Using PostgreSQL with ASP.NET Core

Posted by Anuraj on Saturday, July 2, 2016

ASP.NET Core PostgreSQL EF Migration

This post is about using PostgreSQL with ASP.NET Core. PostgreSQL is an object-relational database management system (ORDBMS) with an emphasis on extensibility and standards-compliance. Recently in ASP.NET Forums, someone asking about using postgresql with ASP.NET Core. Since I don’t have an installed version available, I thought I will use postgresql as a service version from elephantsql.com. They are offering a free tier postgresql database. You can register yourself and can create databases. In this post I am using EF Migrations for creating databases. So I am using a ASP.NET Core Web API project, I have created a API project with ASP.NET YO Generator. To connect to postgresql server, you require “Npgsql.EntityFrameworkCore.PostgreSQL” nuget package, and for EF migrations you require “Microsoft.EntityFrameworkCore.Tools” package. Here is the project.json file.

"dependencies": {
  "Microsoft.NETCore.App": {
    "version": "1.0.0",
    "type": "platform"
  },
  "Microsoft.AspNetCore.Mvc": "1.0.0",
  "Microsoft.AspNetCore.Server.IISIntegration": "1.0.0",
  "Microsoft.AspNetCore.Server.Kestrel": "1.0.0",
  "Microsoft.Extensions.Configuration.EnvironmentVariables": "1.0.0",
  "Microsoft.Extensions.Configuration.FileExtensions": "1.0.0",
  "Microsoft.Extensions.Configuration.Json": "1.0.0",
  "Microsoft.Extensions.Configuration.CommandLine": "1.0.0",
  "Microsoft.Extensions.Logging": "1.0.0",
  "Microsoft.Extensions.Logging.Console": "1.0.0",
  "Microsoft.Extensions.Logging.Debug": "1.0.0",
  "Microsoft.Extensions.Options.ConfigurationExtensions": "1.0.0",
  "Microsoft.EntityFrameworkCore": "1.0.0",
  "Microsoft.EntityFrameworkCore.Design": "1.0.0-preview2-final",
  "Microsoft.EntityFrameworkCore.Tools": {
      "version": "1.0.0-preview1-final",
      "imports": [
          "portable-net45+win8+dnxcore50",
          "portable-net45+win8"
      ]
  },
  "Npgsql.EntityFrameworkCore.PostgreSQL": "1.0.0"
},

"tools": {
  "Microsoft.AspNetCore.Server.IISIntegration.Tools": "1.0.0-preview2-final",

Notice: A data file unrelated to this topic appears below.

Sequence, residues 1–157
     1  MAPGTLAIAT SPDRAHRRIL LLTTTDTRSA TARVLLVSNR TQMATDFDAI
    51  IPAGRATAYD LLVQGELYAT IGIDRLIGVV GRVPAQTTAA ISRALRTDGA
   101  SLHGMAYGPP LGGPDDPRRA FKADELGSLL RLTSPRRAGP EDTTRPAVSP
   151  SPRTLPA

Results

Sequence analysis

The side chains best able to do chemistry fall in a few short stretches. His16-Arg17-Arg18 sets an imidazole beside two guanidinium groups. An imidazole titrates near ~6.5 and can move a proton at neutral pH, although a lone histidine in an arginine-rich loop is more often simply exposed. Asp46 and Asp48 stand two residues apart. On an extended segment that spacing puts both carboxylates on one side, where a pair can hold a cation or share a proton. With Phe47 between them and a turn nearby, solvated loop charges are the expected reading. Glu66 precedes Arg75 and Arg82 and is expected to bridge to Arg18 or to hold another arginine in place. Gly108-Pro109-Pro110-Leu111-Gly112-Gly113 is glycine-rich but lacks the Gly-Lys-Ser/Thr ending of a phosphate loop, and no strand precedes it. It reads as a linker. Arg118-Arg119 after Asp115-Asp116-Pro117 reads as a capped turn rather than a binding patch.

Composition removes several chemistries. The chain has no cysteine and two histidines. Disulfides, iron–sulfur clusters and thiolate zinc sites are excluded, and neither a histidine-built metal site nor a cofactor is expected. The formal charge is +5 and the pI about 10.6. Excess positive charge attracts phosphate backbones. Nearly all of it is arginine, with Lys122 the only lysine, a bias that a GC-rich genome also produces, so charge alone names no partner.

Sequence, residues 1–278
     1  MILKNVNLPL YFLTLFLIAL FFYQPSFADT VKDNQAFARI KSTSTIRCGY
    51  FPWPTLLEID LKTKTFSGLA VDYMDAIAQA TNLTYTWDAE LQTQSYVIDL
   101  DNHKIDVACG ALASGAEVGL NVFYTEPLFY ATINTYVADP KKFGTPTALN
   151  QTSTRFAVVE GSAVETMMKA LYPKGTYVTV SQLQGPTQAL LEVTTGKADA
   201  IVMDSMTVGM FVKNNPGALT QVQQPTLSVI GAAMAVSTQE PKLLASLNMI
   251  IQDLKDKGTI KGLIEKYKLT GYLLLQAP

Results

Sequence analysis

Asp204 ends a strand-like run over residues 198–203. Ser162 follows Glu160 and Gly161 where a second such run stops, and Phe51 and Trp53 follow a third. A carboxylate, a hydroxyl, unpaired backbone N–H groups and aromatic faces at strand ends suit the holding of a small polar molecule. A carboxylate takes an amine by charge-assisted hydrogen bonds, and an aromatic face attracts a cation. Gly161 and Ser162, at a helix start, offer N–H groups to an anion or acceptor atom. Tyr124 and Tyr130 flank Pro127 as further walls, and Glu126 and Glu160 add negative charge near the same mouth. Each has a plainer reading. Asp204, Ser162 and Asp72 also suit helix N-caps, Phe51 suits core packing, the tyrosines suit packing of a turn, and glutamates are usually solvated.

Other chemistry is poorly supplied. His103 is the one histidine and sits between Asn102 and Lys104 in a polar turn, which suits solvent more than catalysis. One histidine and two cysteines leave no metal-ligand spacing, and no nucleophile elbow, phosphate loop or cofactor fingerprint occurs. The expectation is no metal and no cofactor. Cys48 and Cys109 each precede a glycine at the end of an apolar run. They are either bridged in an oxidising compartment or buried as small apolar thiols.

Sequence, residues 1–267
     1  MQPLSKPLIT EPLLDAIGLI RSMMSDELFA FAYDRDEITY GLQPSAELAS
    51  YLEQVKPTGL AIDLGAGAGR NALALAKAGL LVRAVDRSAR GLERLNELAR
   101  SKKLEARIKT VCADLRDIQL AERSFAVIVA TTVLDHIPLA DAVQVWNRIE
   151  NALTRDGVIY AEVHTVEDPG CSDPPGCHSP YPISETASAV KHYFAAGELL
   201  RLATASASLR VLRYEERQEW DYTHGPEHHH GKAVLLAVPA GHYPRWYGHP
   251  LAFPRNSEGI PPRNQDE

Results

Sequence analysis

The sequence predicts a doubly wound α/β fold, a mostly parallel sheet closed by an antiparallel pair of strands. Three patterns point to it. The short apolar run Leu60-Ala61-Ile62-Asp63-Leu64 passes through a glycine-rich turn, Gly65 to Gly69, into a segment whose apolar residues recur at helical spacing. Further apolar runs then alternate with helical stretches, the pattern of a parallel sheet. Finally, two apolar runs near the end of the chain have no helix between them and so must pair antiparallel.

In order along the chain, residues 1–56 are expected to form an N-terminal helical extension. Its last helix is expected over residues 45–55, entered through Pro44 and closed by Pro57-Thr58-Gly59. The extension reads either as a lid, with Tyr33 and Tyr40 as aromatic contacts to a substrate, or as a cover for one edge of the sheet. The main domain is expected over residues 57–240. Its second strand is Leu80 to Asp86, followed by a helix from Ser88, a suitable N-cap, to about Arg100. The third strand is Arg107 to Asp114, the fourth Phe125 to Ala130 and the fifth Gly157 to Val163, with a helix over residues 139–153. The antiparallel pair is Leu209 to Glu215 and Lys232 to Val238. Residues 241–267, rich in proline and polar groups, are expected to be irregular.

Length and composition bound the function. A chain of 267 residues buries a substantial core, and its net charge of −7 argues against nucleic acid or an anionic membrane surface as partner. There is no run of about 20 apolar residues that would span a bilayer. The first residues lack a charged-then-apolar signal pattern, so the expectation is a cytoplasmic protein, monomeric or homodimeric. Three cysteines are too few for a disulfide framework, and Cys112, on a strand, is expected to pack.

"Microsoft.EntityFrameworkCore.Tools": "1.0.0-preview2-final"
}

Now it is time to create Model classes and DbContext classes. I am using a simple book model. Here is the Model class and DbContext class.

public class Book
{
    public int Id { get; set; }
    public string Name { get; set; }
    public string Author { get; set; }
    public decimal Price { get; set; }
    public DateTime CreatedOn { get; set; } = DateTime.UtcNow;

}

public class WebAPIDataContext : DbContext
{
    public WebAPIDataContext(DbContextOptions<WebAPIDataContext> options)
        : base(options)
    {
    }
    public DbSet<Book> Books { get; set; }
}

Now you can execute “dotnet restore” command to download all the required packages. Once restore successfully completed, you can modify the startup.cs, ConfigureServices method to set the database provider and connection string.

public void ConfigureServices(IServiceCollection services)
{
    services.AddDbContext<WebAPIDataContext>(options => {
        options.UseNpgsql("<YOUR_CONNECTION_STRING_HERE>", b => b.MigrationsAssembly("WebAPISample"));
    });
    services.AddMvc();
}

Now you can create migration scripts using “dotnet ef migration” command.

Here is the output of “dotnet ef migrations add Initial” command. I am creating a migration script named “Initial”.

dotnet ef migrations add Initial result

Once migration created, you can update database using update command.

dotnet ef update database result

And here is my controller implementation, which is pretty straight forward. DbContext is getting injected to the controller, and I am using DbContext directly.

[Route("api/[controller]")]
public class BooksController : Controller
{
    private WebAPIDataContext _webAPIDataContext;
    public BooksController(WebAPIDataContext webAPIDataContext)
    {
        _webAPIDataContext = webAPIDataContext;
    }
    [HttpGet]
    public IEnumerable<Book> Get()
    {
        return _webAPIDataContext.Books.AsEnumerable();
    }

    [HttpGet("{id}")]
    public Book Get(int id)
    {
        return _webAPIDataContext.Books.FirstOrDefault(x => x.Id == id);
    }

    [HttpPost]
    public void Post([FromBody]Book book)
    {
        _webAPIDataContext.Add(book);
        _webAPIDataContext.SaveChanges();
    }

    [HttpPut("{id}")]
    public void Put(int id, [FromBody]Book book)
    {
        var selectedBook = _webAPIDataContext.Books.AsNoTracking().FirstOrDefault(x => x.Id == id);
        if (selectedBook != null)
        {
            _webAPIDataContext.Entry(selectedBook).Context.Update(book);
            _webAPIDataContext.SaveChanges();
        }
    }

    [HttpDelete("{id}")]
    public void Delete(int id)
    {
        var book = _webAPIDataContext.Books.FirstOrDefault(x => x.Id == id);
        if (book != null)
        {
            _webAPIDataContext.Books.Remove(book);
            _webAPIDataContext.SaveChanges();
        }
    }
}

And here is the screenshot of the data inserted to ElephantSQL Console.

ElephantSQL Console

Happy Programming :)


Similar Posts


Did you like this article? Share it with your friends

Facebook Twitter Google+ LinkedIn Reddit StumbleUpon



MVP
Subscribe


Copyright © 2017 - Anuraj P. Blog content licensed under the Creative Commons CC BY 2.5 | Unless otherwise stated or granted, code samples licensed under the MIT license. This is a personal blog. The opinions expressed here represent my own and not those of my employer. Hosted with ❤ by GitHub